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David Choe Went Baboon Hunting with the Hadza People of Tanzania

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Hadzabe tribe: the last hunters and gatherers of Tanzania - Edited by Carmine Salituro

The hadzabe tribes, which live around Lake Eyasi, are formed by the last hunter-gatherers of Tanzania. It is an exceptional ethnicity, a real anthropological rarity, which amazes scientists, especially linguists, who for years have been trying to decipher their curious idiom made of countless pops.
The history of this people is rather obscure, certainly today the Hadzabe are reduced to a few hundred, divided into small groups, living in modest huts built simply with the branches of the trees, and are arranged in camps camouflaged in the bush of the savannah.
They keep their ancestral customs almost intact. They have always refused to convert to agriculture and cattle breeding. They are nomads, they are always moving in search of berries, edible roots, wild fruits and game, such as baboons and antelopes, which hunt with bow and arrows impregnated with a poison that is derived from a variety of euphorbia, a plant that grows abundant in this region.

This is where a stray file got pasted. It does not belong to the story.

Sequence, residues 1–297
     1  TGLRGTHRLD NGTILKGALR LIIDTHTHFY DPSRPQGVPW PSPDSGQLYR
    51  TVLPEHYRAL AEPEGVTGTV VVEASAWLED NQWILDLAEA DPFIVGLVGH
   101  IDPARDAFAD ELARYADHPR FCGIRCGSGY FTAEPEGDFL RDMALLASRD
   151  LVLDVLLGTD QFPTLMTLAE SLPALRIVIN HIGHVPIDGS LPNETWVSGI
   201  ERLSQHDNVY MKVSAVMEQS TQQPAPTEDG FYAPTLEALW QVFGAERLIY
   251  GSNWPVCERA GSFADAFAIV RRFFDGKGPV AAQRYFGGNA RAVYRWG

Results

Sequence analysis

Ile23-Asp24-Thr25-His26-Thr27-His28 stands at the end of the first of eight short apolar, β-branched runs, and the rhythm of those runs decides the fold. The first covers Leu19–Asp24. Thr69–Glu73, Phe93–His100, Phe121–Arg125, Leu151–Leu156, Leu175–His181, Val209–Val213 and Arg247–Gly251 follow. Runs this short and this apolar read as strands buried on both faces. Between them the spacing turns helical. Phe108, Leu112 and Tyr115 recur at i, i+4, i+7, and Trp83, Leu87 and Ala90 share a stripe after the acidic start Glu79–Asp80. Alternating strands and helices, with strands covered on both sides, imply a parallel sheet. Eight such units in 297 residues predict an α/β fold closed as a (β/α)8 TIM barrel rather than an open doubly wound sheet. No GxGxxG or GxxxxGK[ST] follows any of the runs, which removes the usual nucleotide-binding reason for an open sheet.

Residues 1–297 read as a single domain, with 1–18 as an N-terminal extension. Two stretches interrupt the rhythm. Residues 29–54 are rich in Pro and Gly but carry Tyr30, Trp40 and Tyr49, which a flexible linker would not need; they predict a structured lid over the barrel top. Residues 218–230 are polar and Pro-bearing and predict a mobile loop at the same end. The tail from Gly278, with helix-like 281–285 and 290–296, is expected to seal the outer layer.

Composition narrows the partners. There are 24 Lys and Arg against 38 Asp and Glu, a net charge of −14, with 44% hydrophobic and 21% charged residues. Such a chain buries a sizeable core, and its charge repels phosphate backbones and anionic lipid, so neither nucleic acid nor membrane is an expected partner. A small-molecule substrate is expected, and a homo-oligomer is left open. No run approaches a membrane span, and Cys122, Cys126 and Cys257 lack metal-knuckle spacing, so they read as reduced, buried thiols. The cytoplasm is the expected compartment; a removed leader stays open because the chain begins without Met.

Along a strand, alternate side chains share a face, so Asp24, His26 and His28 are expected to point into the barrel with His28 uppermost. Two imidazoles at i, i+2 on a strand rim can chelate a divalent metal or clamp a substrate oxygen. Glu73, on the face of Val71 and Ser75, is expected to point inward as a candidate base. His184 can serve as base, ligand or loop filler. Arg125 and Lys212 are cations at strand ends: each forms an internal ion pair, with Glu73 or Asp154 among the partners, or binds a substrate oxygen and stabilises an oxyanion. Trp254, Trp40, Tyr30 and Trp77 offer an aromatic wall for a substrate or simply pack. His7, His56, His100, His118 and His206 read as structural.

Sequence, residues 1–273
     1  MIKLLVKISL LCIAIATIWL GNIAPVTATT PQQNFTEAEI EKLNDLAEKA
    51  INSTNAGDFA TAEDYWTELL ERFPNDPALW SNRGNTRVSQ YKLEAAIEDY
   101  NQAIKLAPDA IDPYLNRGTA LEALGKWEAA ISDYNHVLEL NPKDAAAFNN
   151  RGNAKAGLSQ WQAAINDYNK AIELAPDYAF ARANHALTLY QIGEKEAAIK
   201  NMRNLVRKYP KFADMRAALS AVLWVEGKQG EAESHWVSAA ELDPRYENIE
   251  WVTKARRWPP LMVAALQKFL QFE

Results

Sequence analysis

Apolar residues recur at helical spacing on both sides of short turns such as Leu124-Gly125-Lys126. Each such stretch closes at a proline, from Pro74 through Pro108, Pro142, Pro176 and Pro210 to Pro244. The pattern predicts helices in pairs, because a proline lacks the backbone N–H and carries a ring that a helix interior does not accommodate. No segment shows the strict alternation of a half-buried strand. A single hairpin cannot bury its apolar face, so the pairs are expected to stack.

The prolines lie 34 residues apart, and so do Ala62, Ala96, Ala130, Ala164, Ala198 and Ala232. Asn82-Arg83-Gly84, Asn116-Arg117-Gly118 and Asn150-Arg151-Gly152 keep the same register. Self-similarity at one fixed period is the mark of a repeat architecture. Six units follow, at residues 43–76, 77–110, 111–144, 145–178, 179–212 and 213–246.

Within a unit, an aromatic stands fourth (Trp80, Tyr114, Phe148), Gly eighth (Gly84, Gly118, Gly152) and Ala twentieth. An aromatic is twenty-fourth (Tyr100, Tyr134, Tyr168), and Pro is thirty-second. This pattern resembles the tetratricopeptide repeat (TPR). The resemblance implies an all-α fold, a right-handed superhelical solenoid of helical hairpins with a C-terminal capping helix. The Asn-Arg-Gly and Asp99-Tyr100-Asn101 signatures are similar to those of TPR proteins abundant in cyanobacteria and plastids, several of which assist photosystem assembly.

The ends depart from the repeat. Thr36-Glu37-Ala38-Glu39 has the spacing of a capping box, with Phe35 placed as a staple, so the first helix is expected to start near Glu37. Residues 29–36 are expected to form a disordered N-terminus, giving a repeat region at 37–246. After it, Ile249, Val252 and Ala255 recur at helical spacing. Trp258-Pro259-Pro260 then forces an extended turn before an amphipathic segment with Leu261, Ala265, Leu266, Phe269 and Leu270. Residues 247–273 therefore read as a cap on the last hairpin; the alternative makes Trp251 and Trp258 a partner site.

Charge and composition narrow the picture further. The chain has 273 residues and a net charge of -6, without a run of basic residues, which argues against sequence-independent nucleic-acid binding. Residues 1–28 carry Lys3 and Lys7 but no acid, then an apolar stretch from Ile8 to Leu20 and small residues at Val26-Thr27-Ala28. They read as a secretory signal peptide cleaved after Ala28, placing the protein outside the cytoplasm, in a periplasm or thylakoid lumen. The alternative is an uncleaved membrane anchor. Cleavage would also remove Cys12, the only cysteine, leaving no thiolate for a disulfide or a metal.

Nowadays their millennial traditions and their territories on which they have always lived are threatened by modern civilization, which invades their ancestral habitat and risks to overturn the social equilibrium.
The local authorities oppose these communities to the point that today the scholars and the Tanzanian press raise the alarm: the last bushmen, the men of the savannah, among the most ancient peoples of Africa, holders of an inestimable cultural heritage, risk disappear in the name of progress.
My experience in this village brings me back to prehistoric times with its rhythms of life marked by the rising and setting of the sun, the daily material needs of hunting and gathering, the primitive hunting tools, the clothing and the ornamental objects of the body, to finish the particular mode of lighting the fire by rubbing a long wooden stick.

Gli Hadzabe, diffusi attorno al lago Eyasi, sono gli ultimi cacciatori-raccoglitori della Tanzania. Si tratta di una etnia eccezionale, una vera e propria rarità antropologica, che non finisce mai di stupire, soprattutto gli studiosi di linguistica, che da anni tentano di decifrare il loro curioso idioma fatto di innumerevoli schiocchi e suoni vibranti e secchi.
La storia di questo popolo è piuttosto oscura, di certo oggi gli Hadzabe sono ridotti a poche centinaia di unità, divisi in piccoli gruppi, che vivono in modeste capanne costruite semplicemente con i rami degli alberi, e sono riunite in accampamenti mimetizzati nella boscaglia della savana.
Mantengono pressoché intatte le loro usanze ataviche. Hanno sempre rifiutato di convertirsi all’agricoltura e all’allevamento del bestiame. Sono nomadi, si spostano in continuazione alla ricerca di bacche, radici commestibili, frutti selvatici e selvaggina, come babbuini e antilopi, che cacciano con arco e frecce impregnate di un veleno che si ricava da una varietà di euforbia, una pianta che cresce abbondante in questa regione.
Oggigiorno le loro tradizioni millenarie e i loro territori sui quali hanno sempre vissuto sono minacciati dalla civiltà moderna, che invade il loro habitat ancestrale e rischia di stravolgerne gli equilibri sociali.